For exposures using the "bulb" setting, which is my choice of doing it and really the best way, you need a cable release to keep your aperture open. For this method you also need a 4x5 piece of dark cardboard. You place the card in front of the lens and when the fireworks start, trip the shutter. An assistant is good to have here so they can trip the shutter when you say to. The card blocks the light until you want to expose a burst. Then as the rockets fire off you remove the card and record the exposure by counting off the seconds. Replace the card back in front of the lens, (but be sure not to bump it) and wait for the next rocket. When it is about to explode, remove the card. How often you do this depends on how many are fired off together. Usually 3-6 bursts of 4-8 seconds each. Then release the cable to end that exposed frame, and repeat. If you find that most explosions are of deep colors then you can close down the lens one or two more stops and make even more exposures per frame. You do have limits to how many you can do or before long, the entire frame will become nothing but streaks of fire and then nothing will look good. Check your camera’s view screen to see what you are getting and adjust from there.

The main things to remember are the brighter the bursts, the less number you can expose on one frame. Try these tips the next time you shoot fireworks and have another helper keep a record of how you expose each frame, including how many "different" bursts went off, and how many times you removed the card, and for how long each time. When you view results after download you can see which ones made the best images, and start from there the next time. You should also vary the f-stops from f8 to f16 to see which gives the best colors, or the most bursts. The less the exposure of each the more bursts you can record. Generally the best images are the ones with 5-8 second exposures, and 3-5 exposures per frame. Too many bursts can be just as bad as too few.

(click image) © Paul W. Faust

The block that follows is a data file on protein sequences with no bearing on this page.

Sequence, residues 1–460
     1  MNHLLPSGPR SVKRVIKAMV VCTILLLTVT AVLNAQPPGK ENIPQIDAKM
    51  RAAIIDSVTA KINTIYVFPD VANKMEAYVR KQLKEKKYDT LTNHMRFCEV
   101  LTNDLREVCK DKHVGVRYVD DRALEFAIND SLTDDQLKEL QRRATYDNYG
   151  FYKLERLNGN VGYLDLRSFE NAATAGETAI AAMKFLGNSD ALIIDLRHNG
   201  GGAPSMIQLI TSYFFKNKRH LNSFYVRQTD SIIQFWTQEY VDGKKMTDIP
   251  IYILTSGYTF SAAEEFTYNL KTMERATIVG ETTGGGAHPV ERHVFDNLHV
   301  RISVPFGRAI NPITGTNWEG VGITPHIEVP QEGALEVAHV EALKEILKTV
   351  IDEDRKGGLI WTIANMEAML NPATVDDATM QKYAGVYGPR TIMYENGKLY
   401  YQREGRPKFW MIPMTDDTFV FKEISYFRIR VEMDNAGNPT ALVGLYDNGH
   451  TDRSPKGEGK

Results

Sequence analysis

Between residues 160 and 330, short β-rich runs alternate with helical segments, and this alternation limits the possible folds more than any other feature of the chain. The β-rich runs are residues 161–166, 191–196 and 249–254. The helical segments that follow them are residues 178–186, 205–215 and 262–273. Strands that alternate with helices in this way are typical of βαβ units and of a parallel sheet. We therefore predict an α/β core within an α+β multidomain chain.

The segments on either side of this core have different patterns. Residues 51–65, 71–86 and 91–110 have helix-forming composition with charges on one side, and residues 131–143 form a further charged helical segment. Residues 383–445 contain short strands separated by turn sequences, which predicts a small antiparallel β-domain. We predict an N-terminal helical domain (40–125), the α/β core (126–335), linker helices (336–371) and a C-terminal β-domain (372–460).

(click image) © Paul W. Faust
One other trick you can use with a zoom lens is to shoot 2 or 3 "multiple exposures" at a wide angle, and then one zoomed in a bit. This will give you explosions that look like one went off real close and the others far off in the background. It takes practice for that one. Also, if you have the equipment, set up 2 cameras, one for the “bulb” technique, and the other for the multiple exposure method. You won’t be able to operate them both at the same time, but you can switch back and forth to get more varied shots in less time. GOOD SHOOTING!

Image Note: The fireworks in these three images were all set off from one bridge over the Tennessee River, and photographed from a second bridge. This gave me many positions to shoot from one side of the river to the other.

by Paul W. Faust

All photo illustrations included with my articles are my original work. My travel photographs, and many of my other original photographs, are available as signed or unsigned fine art prints through my web site at Framed prints can be obtained through my Fine Art America gallery at

Photographs included with my book and product reviews are provided by the book publisher or product manufacturer.

Paul W. Faust is a self-taught Fine Art Photographer, Writer, and Photo Stock Service professional.